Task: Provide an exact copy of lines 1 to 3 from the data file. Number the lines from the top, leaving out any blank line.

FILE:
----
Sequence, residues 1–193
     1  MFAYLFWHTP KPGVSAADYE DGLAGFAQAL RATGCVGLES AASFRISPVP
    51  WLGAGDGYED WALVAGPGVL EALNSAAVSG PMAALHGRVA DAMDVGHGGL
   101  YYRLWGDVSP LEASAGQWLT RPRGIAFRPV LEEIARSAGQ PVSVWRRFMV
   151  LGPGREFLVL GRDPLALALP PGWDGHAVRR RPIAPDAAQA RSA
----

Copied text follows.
Sequence, residues 1–193
     1  MFAYLFWHTP KPGVSAADYE DGLAGFAQAL RATGCVGLES AASFRISPVP
    51  WLGAGDGYED WALVAGPGVL EALNSAAVSG PMAALHGRVA DAMDVGHGGL